U.S. Treasury prices rose on Friday, the last trading day in July, after the second-quarter employment cost index missed expectations.
The yield on the benchmark 10-year Treasury notes, which moves inverse to the price, fell about 6 basis points to trade around 2.20 percent, after closing at 2.268 percent. It fell to a three-week low of 2.1930 percent earlier in the session.
Meanwhile, 30-year bond yields turned lower to trade at around 2.91 percent, down about 3 basis points.
The yield on also fell sharply from about 0.74 percent prior to the release to about 0.67 percent.
U.S. wages and benefits grew in the spring at the slowest pace in 27 years, stark evidence that stronger hiring hasn't boosted pay, according to the Associated Press.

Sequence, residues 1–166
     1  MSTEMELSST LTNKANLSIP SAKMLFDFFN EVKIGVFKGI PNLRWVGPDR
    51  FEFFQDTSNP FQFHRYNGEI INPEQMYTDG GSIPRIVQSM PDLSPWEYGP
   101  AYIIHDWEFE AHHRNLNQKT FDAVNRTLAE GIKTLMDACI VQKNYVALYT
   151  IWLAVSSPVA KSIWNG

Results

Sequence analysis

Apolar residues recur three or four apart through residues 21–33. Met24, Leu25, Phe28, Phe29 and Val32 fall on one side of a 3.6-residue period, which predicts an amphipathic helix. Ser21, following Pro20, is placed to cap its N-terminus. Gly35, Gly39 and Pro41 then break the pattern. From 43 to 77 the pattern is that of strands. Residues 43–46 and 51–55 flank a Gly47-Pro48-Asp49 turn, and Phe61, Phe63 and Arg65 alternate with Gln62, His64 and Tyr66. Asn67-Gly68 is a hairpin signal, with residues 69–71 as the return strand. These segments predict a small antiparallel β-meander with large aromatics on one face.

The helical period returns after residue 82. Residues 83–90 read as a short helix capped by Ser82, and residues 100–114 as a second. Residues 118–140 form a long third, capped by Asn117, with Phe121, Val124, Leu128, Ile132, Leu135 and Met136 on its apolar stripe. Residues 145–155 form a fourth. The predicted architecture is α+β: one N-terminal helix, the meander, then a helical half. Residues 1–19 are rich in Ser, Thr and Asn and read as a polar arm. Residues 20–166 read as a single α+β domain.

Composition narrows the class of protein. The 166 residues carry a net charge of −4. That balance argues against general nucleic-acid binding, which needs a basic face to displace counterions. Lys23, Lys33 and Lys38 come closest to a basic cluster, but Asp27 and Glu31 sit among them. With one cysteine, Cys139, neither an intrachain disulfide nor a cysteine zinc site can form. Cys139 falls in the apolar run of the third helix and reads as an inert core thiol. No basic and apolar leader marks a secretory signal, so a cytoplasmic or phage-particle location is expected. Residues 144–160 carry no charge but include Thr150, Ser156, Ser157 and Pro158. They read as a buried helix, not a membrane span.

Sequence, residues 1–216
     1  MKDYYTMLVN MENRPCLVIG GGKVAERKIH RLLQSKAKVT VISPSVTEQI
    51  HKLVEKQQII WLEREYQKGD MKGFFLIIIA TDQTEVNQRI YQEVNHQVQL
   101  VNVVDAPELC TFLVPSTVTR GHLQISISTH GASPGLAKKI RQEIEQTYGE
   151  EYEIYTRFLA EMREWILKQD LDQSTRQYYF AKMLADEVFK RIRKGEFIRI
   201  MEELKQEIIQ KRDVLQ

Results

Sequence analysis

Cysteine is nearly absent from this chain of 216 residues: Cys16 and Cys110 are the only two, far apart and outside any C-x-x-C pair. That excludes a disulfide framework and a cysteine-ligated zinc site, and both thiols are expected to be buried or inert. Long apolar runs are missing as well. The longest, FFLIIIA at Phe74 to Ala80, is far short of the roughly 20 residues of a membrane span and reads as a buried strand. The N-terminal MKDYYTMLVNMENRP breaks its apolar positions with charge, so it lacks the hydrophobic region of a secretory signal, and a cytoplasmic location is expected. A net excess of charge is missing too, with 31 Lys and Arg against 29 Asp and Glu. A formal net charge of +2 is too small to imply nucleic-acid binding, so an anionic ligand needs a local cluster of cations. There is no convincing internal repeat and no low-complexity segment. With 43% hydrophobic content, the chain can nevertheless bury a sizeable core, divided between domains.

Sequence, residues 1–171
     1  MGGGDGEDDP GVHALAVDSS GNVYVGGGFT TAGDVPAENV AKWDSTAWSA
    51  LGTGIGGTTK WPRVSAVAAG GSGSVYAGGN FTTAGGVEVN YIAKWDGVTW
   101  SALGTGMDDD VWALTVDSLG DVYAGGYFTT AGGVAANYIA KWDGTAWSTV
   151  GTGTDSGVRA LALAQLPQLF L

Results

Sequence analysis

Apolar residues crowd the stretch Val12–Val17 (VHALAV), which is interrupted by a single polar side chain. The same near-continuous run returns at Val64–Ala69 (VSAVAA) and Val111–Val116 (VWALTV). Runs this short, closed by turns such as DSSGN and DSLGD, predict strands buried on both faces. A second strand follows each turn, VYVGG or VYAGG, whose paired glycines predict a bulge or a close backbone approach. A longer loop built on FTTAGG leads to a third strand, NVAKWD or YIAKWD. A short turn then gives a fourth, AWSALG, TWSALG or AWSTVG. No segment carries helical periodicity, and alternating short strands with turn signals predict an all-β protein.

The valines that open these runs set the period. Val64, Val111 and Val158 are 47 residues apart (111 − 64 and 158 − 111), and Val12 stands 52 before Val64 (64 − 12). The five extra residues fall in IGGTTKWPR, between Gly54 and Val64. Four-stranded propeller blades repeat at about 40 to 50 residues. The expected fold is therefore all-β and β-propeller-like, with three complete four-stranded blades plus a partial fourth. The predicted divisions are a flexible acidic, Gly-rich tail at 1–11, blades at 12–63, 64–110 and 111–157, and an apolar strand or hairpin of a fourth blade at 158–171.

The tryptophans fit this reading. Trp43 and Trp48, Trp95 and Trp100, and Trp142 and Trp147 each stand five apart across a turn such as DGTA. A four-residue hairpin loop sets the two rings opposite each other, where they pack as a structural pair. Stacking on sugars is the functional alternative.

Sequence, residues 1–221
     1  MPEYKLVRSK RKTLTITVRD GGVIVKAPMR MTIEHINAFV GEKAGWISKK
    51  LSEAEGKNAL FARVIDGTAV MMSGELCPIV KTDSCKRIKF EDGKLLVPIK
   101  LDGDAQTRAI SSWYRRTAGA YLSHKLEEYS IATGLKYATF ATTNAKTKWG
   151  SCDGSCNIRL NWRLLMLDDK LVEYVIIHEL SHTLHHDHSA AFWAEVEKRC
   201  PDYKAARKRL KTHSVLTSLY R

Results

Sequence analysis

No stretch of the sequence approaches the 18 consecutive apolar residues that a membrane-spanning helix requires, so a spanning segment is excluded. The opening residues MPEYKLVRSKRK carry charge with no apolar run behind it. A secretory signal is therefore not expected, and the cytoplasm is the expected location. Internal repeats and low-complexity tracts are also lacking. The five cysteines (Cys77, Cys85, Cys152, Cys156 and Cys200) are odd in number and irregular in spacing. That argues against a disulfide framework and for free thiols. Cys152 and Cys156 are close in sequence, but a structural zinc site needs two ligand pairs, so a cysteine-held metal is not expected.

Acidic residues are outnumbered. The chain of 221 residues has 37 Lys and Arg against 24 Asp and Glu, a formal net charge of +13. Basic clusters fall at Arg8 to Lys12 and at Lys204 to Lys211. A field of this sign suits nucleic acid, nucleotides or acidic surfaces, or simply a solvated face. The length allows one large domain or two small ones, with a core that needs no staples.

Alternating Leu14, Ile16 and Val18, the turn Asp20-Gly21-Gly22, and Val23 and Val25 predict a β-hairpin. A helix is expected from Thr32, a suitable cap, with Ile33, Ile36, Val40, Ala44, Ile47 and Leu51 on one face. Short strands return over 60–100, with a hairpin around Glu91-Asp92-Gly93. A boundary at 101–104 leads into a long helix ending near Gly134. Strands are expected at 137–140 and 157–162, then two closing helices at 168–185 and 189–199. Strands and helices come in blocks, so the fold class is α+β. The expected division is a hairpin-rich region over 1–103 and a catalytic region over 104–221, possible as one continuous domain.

The Labor Department said the employment cost index rose 0.2 percent in the second quarter after a 0.7 increase in the first quarter. Wages and salaries alone also rose 0.2 percent.
Chicago PMI data for July beat consensus estimates, coming in at 54.7.
The central bank kept the door open for a September rate hike in its post-meeting statement this week. However, it didn't provide any clarity as to whether it expects to move its Fed funds target rate from zero in September, as many economists expect, or whether a December rise is more likely, as the futures markets now forecast.
U.S. economic growth data was also released this week. Gross domestic product expanded at a 2.3 percent annual rate, the Commerce Department said on Thursday. First-quarter GDP, previously reported to have shrunk at a 0.2 percent pace, was revised up to show it rising at a 0.6 percent rate.
In the commodity space, U.S. crude futures slipped for asecond session to trade below $48 a barrel in early Asian trade, as mixed economic data from the U.S. overnight weighed on sentiment, although a weaker dollar put a floor under prices.